be 5 years, 7 for neurosurgery, 6 for plastics, and 6 for cardiology. For simplicity, we’ve rounded residency
and fellowship to 6 years in length. The starting salary for specialists is $329,000. On the engineer side, you’ll be starting
immediately after college and be pulling in a starting salary of $100,000, which is actually
on the lower end of the starting salaries for a computer programmer in San Francisco. However, given the wide range of starting
salaries for engineers, we’ve set $100,000 as the starting point. Additionally, student loans will accrue interest
at 6%, investments earn 7% per year, and wage growth increases at 3% annually. If you’re confused about the wage growth
rate, understand that inflation is on average 1-2% per year, and salaries usually steadily
increases over the course of one’s career due to promotions and other factors. In order to reduce extraneous variables, we
have eliminated living expenses and savings ratios, as it’s impossible to accurately
estimate the average engineer’s versus doctor’s living expenses — cue lifestyle inflation. Therefore, we are going to be looking at only
the lifetime earning potential. Do you have a problem with any of these assumptions? Fantastic. Feel free to download the excel spreadsheet
I created and plug in your own numbers using your own assumptions, and drop a comment to
let us know about your findings. You can find a link to the spreadsheet down in the description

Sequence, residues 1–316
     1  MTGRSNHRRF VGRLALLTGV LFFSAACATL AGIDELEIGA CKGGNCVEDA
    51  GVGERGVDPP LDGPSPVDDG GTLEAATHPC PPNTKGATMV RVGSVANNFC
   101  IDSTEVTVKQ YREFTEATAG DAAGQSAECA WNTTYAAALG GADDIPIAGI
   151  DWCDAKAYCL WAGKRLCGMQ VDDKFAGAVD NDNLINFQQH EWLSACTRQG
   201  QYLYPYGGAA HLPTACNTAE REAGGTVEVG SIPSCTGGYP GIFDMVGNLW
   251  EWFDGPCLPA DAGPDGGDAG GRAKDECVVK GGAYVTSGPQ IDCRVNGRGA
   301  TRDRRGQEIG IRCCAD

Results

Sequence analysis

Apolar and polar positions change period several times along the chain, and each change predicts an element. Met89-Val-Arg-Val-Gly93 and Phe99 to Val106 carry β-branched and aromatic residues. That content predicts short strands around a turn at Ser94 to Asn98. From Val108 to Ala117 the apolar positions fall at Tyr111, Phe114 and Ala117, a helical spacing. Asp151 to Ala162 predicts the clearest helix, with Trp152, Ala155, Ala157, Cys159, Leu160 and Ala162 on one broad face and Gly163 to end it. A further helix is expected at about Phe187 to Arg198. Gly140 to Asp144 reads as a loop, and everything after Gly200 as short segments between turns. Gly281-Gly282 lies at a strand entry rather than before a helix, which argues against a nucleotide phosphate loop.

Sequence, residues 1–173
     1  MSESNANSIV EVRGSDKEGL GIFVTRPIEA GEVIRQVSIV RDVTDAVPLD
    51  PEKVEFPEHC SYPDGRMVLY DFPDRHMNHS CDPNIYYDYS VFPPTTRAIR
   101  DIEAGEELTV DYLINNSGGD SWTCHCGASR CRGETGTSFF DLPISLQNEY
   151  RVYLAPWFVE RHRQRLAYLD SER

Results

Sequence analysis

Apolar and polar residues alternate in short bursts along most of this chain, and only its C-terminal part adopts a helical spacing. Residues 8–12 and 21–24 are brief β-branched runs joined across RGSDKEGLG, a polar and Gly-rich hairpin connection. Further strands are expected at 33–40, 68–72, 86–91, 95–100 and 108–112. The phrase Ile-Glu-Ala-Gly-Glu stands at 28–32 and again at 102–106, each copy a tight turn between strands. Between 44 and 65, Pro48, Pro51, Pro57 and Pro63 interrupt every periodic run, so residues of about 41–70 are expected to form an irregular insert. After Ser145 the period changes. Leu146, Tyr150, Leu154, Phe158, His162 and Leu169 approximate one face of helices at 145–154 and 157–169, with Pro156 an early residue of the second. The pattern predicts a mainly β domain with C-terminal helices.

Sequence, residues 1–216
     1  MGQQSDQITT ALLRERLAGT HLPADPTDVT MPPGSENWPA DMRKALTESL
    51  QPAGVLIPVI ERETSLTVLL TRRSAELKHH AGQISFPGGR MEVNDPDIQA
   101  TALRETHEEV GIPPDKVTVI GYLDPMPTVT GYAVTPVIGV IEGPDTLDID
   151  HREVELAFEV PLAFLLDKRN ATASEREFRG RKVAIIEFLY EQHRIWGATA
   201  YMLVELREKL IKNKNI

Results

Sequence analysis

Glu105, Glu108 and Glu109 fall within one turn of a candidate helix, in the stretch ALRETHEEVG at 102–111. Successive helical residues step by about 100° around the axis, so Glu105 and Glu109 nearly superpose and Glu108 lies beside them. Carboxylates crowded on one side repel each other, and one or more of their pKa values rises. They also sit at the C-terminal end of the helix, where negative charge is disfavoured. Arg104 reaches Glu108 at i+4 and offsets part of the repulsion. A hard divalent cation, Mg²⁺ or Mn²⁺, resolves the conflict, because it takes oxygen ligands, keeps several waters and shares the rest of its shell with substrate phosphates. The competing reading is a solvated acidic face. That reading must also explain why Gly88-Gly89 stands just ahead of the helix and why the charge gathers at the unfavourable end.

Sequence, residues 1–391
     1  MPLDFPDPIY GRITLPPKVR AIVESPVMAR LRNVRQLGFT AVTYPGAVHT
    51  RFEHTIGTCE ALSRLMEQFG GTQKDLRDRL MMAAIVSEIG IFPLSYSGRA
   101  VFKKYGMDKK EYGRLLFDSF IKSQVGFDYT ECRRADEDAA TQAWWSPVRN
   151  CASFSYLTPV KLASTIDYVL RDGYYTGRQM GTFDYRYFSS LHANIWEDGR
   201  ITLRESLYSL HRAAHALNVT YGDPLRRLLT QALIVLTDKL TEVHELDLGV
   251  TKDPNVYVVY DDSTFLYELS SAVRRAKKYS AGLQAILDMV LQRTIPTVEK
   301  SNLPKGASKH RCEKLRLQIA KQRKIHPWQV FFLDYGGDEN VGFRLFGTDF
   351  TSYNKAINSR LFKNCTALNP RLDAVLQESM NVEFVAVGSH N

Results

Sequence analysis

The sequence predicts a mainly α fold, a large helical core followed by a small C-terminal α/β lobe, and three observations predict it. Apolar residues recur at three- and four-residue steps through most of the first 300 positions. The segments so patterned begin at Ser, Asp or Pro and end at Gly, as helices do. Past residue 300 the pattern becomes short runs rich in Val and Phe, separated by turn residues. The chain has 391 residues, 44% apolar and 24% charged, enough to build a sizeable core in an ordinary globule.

below. First, between primary care doctor and specialist,
it’s clear that choosing a specialty that earns a high salary is far more advantageous
from a financial perspective. Despite spending 1 more year in medical school
and 2 more years in residency, specialists blast past primary care doctors just 8 years
after completing their training. Given the high salary, they must also blast
past engineers, right? Not so fast. Despite a starting salary of more than 3 times
that of an engineer, specialist doctors only surpass engineers in lifetime earnings at
the age of 45. That’s right, from the age of 22 to 44,
engineers are in a more favorable financial position than even specialist physicians. Primary care doctors don’t catch up to engineers
until the age of 49, just a little over a decade away from retirement. To most people, this is counterintuitive. It comes down to one often overlooked and
underestimated factor: opportunity cost. While future doctors are toiling away in medical
school and residency, engineers are already making six figures. And if you manage to save that money, the
powerful force of compounding comes into effect, accelerating your wealth accumulation. This analysis is far from perfect — and
that’s beside the point. If you want to adjust the assumptions, feel
free to download the spreadsheet and modify it yourself. No whining in the comments. That being said, you’ll likely find similar
results. The purpose of this analysis was to demonstrate